Retail takes centre stage this week with a bevy of updates covering the Christmas trading period. While market fears have abated over a festive wipe-out, many retail companies will only post average sales results.
Most analysts remain pessimistic about the sector's overall outlook for 2006 even though an absence of profit warnings and evidence of improved stock/margin management has boosted share prices.
They cite the increasingly indebted consumer, the rising cost of living, a surge in energy and labour costs and continuing competition. Sanjay Vidyarthi, an analyst at stockbroker Teather & Greenwood, says sector-wide like-for-like sales growth will need to be around 4 per cent in 2006 to cover underlying cost growth - a hard ask in today's challenging retail environment.
Doug Hargrove of software provider Torex Retail agrees there will be a slowdown in 2006. But picking sector winners and losers will be difficult as some companies will "keep the customer at the forefront of their thinking, properly stock their stores and continue to invest in IT".
The Bank of England is unlikely to provide any relief this week, with chances of an easing in base rates from 4.5 per cent deemed slim. Analysts think interest will stay on hold until February as the Bank takes into account the improving inflation outlook, the stabilisation in the housing market and a tightening bias in the US and Europe.
Against a backdrop of market share data from TNS, many of the large food chains provide updates this week. The resurgent J Sainsbury and Marks & Spencer are expected to produce solid third-quarter trading results. But while analysts believe Sainsbury's will post like-for-like sales figures (ex-petrol) of 2 to 3.5 per cent following a "pretty good Christmas", management's real test remains tough fourth-quarter comparatives and its ability to transfer sales growth to the bottom line.
Wm Morrison's performance continues to befuddle analysts, as the company is still unable to provide credible market guidance following the acquisition of Safeway in 2004. Jonathan Pritchard at Oriel Securities expects "the Christmas trading period to be poor and to offer holders little solace". He predicts a like-for-like sales slide of at least 4 per cent in Morrisons stores and a relatively poor sales result from the rebranded Safeway stores. With an "Optimisation Plan" expected to be unveiled at the group's interim results in March, commentary is likely to be brief.
In the clothing sector, analysts at JP Morgan expect a relatively upbeat third-quarter announce- ment from Burberry - forecasting a 2.5 per cent increase in retail sales on a like-for-like basis. The purveyor of all things plaid will have been boosted by stronger trading in the US and UK as the weather cooled and stock management improved.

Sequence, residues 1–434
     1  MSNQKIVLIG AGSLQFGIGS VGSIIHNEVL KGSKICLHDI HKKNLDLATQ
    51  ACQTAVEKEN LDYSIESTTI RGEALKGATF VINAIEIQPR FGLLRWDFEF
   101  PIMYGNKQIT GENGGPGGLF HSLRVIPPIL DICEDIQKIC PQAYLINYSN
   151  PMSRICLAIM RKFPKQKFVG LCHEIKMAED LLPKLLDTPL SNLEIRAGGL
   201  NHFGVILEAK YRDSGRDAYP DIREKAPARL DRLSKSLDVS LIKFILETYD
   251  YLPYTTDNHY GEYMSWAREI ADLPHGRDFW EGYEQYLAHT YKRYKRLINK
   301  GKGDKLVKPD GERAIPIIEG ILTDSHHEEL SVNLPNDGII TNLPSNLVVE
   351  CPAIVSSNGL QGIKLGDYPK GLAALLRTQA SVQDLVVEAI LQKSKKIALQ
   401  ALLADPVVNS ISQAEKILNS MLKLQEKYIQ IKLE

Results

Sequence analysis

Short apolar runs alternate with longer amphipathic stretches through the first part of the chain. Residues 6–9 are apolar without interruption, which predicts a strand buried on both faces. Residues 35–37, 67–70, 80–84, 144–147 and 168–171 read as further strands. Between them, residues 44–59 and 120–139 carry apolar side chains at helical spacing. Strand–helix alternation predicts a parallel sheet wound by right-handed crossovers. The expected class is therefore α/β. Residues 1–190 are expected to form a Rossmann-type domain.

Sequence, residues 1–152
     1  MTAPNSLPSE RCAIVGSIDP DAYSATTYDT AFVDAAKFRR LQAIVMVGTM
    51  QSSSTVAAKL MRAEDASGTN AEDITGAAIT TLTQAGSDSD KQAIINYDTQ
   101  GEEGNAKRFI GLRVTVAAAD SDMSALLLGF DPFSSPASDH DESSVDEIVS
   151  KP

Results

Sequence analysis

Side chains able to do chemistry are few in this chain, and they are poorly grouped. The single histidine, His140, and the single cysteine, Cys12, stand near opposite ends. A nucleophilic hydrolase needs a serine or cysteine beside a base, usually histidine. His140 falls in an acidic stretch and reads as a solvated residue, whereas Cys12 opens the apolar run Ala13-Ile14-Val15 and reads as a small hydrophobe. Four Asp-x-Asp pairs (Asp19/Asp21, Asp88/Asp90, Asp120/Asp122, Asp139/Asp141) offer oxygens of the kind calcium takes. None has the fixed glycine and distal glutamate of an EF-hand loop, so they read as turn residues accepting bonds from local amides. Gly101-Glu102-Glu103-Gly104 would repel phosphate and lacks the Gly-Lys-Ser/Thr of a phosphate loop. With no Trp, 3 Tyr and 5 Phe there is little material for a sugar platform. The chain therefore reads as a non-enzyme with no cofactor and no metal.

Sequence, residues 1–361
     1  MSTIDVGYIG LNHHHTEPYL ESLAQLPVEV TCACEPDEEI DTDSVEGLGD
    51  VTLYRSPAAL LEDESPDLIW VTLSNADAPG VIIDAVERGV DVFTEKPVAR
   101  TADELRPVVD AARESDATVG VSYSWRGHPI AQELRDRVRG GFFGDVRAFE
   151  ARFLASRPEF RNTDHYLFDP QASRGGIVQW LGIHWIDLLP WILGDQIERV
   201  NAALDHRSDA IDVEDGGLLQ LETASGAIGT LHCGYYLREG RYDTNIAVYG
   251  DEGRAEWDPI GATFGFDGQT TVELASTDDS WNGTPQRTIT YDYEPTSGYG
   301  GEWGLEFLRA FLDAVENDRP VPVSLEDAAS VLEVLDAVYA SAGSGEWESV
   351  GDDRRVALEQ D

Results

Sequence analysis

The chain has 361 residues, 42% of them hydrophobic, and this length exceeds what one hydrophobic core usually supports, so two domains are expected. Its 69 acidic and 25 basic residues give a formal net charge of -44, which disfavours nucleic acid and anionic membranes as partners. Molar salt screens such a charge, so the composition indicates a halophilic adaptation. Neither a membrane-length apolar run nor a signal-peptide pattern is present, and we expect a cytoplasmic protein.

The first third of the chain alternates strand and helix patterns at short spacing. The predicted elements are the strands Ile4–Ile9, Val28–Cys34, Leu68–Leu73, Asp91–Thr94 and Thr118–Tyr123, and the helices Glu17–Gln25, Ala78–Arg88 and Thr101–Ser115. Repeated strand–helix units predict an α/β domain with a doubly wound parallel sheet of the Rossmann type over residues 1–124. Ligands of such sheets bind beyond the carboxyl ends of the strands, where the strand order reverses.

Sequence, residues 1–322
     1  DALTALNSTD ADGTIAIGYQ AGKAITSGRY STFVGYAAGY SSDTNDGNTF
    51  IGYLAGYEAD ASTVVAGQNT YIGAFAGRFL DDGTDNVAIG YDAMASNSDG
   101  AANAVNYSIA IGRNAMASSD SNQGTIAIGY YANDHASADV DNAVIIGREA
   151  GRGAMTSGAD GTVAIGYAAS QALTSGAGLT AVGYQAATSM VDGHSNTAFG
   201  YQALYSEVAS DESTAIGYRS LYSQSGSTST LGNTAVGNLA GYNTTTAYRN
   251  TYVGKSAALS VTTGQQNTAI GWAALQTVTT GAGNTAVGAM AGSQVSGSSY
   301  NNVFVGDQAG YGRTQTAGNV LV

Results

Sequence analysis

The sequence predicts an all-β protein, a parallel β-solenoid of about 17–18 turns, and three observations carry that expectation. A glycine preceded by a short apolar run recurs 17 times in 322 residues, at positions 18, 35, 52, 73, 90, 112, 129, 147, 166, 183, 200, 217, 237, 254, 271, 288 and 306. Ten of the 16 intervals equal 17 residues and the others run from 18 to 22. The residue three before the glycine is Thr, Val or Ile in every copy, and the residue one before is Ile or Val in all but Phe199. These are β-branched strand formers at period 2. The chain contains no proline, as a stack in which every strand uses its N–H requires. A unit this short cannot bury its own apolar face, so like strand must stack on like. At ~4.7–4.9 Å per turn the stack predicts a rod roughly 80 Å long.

The outlook for former parent GUS is more challenging, despite anecdotal evidence of a strong finish to Christmas trading. While its data-collection agency, Experian, goes from strength to strength, budget retailer Argos and DIY specialist Homebase may have struggled. Analysts at Credit Suisse First Boston predict a 3 per cent slide in Argos's third- quarter like-for-like sales and a hefty 6 per cent slump in Homebase's sales as the DIY market cools.
Trading updates from the smaller clothing retailers - including House of Fraser (HoF), Alexon, Matalan and Mothercare - are expected to be, at best, OK.
As Matalan's peak sales period is late November/early December, the "out-of-town" retailer probably missed out on the late-December surge seen on the high street. Meanwhile, if HoF met market expectations, "it would be a relief", said one analyst referring to the group's recently reduced profit outlook. The group is thought to be losing share to the resurgent John Lewis Partnership - which is likely to have produced the standout Christmas trading result, even if there has been a marked slowdown since.
With entertainment considered the most difficult retail sector last year, little is expected from HMV Group. Deutsche Bank analyst Warwick Okines is looking for a first-half pre-tax profit of £2.1m - versus £10.5m last year. However, the Christmas trading period is the key, with more than 90 per cent of the profit coming in the second half. Mr Okines believes gross margin will slide by 0.2 per cent at HMV UK and expand by 0.3 per cent at its Waterstones book chain over Christmas.
Boots' share price is dictated by concerns about its impending merger with UniChem. Against strong growth in 2005, its like-for-like sales may have fallen a little in the December quarter. But market whispers of a possible profit warning earlier that month came to nothing.
US RESULTS: (final) Alcoa
UK RESULTS: (F) Cobra Bio- Manufacturing; (interim) Inter Link Foods, Northgate
TRADING UPDATES: Alexon, Game Group, Marks & Spencer
UK RESULTS: (F) Innovata; (I) Vantis
TRADING UPDATES: BP, Burberry, Matalan, Morrison, Mothercare US RESULTS: (F) Intel
UK RESULTS: (F) Parkdean Holidays; (I) HMV, Photo-Me International TRADING UPDATES: Boots, Carphone Warehouse, GUS, Ottakar's, J Sainsbury, Signet
UK RESULTS: (I) Broker Network TRADING UPDATES: Body Shop InternationalReuse content